Fig. 2: Presence of Peganum harmala (peg), Sophora sp. (Soph) and Artemisia herba-alba (Art) in different geographical direction with distance from watering points

Plant species were appeared in different distance from watering points in different directions (Fig. 2). Peganum harmala was appeared at 50 m distance from watering point in northeast and southeast directions, while it was appeared in northwest direction at 200 m distance from watering point.

Positive or negative association between different species is shown in Table 2. The values of χ calculated for pair species as Artemisia herba-alba-Acantholimon, Hulthemia-Sophora, Salsola-Acantholimon and Peganum harmala-Acantholimon were 6.024, 5.114, 5.282 and 6.57 , respectively. These values are larger than the value of χ (p = 0.01). It means that occurrence of these pair species is not accidentally.

DISCUSSION

The results of this study showed that the interactions between animals and watering points lead to changes in vegetation composition, where overgrazing around watering points changed percentage of canopy cover, density and species richness. High stocking rates or overgrazing in fragile ecosystems (arid or very saline) can decrease plant diversity (Milchunas et al., 1988; Hobbs and Huenneke, 1992; Olff and Ritchie, 1998). Brits et al. (2002) showed a great impact of utilization near the watering points and decreasing pressure as distance away from the watering points in Kruger National Park, where, almost complete lack of woody individuals were found in the immediate vicinity of the watering points, then woody plants density increased with distance from the watering point. In another study in woodlands of south-western Australia the same results were found where higher grazing pressure of livestock around watering points was associated with a decline in perennial and increase of annual cover (Yates et al., 2000).

Results of this study showed that the importance value of unpalatable species such as Peganum harmala and Sophora was increased in critical areas around watering points, but more palatable species such as, Artemisia herba-alba had higher importance value in distance from watering points (Fig. 1). Presence of unpalatable and absence of palatable species in critical areas were reported in other studies (Heshmati, 2002). Overgrazing, lead to absence of Artemisia herba-alba which the most likely mechanism leading to the decline of such species should be of the failure of reproductive organs. Todd (2006) indicated that areas most distant from watering points contained a greater proportion of species known to be highly palatable to livestock in Karoo shrublands, South Africa.

Different layers of overgrazing were found in different geographical directions (Fig. 2). Peganum harmala as the most tolerant species to overgrazing were appeared in northeast direction more closer to watering point than northwest direction. It may show higher pressure of livestock on vegetation and soil in northwest, where distribution of watering points was more abundant than other directions. These results are in agreement with some other studies (Hassani, 2001; Jafari et al., 2008).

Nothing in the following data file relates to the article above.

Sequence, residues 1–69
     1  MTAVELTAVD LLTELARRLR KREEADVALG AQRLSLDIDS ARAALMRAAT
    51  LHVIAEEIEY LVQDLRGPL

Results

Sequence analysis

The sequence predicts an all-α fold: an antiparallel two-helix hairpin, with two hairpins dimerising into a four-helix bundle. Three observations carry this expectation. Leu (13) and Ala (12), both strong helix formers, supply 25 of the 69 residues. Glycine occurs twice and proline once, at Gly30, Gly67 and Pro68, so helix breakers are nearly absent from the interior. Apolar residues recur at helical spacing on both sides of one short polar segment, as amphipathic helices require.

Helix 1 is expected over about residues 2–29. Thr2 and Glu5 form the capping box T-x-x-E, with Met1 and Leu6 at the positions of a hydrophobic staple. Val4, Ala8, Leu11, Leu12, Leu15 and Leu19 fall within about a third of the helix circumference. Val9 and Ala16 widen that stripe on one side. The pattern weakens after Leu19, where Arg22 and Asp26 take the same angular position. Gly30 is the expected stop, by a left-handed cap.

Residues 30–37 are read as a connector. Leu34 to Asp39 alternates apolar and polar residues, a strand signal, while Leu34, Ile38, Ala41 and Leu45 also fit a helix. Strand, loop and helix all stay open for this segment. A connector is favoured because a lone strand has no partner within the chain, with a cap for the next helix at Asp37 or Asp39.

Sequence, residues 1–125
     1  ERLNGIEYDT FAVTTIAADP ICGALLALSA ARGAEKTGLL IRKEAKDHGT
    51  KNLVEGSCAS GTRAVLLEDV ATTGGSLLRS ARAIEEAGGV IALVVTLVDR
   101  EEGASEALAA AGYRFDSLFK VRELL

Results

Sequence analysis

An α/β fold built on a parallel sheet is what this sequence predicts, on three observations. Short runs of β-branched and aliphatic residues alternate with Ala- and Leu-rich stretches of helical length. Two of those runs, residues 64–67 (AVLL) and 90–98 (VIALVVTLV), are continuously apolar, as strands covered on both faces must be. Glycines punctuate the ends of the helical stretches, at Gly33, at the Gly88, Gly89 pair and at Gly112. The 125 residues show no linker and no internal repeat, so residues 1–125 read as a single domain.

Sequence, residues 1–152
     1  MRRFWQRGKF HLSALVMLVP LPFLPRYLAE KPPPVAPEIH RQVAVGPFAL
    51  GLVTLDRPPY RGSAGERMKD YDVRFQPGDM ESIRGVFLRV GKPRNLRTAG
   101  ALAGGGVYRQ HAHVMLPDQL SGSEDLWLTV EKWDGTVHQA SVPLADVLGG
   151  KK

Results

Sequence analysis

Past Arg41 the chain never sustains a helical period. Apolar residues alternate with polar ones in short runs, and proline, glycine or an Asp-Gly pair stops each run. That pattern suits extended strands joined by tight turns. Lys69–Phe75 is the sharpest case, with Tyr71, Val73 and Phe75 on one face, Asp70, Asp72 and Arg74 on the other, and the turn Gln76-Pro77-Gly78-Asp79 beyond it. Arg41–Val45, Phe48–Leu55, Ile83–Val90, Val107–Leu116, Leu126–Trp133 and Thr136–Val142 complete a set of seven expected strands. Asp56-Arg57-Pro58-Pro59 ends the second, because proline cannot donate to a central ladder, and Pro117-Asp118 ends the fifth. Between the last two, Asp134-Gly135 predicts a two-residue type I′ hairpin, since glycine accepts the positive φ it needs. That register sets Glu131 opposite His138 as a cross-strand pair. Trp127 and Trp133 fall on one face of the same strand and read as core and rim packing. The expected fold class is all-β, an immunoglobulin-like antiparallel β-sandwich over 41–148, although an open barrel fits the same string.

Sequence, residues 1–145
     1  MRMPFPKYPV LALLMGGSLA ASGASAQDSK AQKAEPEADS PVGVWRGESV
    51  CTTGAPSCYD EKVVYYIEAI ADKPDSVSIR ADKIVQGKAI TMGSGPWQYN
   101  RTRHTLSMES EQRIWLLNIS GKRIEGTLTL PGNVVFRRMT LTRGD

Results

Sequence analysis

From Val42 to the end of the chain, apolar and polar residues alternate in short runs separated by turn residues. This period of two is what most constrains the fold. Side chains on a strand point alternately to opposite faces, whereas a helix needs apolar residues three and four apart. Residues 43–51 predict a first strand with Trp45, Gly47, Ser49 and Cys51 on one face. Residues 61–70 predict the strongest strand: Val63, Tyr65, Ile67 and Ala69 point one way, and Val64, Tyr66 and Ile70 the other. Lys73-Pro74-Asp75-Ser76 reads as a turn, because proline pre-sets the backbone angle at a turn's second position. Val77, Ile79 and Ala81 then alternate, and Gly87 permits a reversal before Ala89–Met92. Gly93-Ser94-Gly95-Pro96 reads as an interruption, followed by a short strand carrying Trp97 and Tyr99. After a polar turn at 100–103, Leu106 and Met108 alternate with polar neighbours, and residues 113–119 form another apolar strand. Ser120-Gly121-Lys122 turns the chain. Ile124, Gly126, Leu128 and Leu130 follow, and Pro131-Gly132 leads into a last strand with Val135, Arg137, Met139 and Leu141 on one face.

Species association analyses (Table 2) show that there were 9 positive or negative associations among 15 associations. Overall the plant species association indicates that nearly all associations were occur due to the intense alterations in the ecosystem. It is concluded that some factors such as overgrazing or high stocking rate are responsible for these patterns. Heshmati (2002) were reported the same results in shrublands of south Australia.

The results of the Duncan`s multiple range test for percentage of canopy cover, density and species richness show that in distance from watering points to 350 m there were no significant differences in canopy cover, also the average of plant density had no significant difference to the 200 m distance from watering points and was located in a same group. But the average of species richness was different in various distances from the watering points and wasn`t located in a same group. It is speculated that percentage of canopy cover and plant density were shown a circle of critical area around watering points with radius of 200-350 m, but species richness wasn`t a suitable parameter to show the extent of critical area around watering points.

Based upon the results of this study, it is conclude that the destructive impact of overgrazing on vegetation around watering points in the semi-arid rangeland of northeast of Iran was significant. Because of contribution of watering points to deterioration of semi-arid rangeland and changes in vegetation composition, more consider is suggested on distribution and management of watering points in this fragile regions.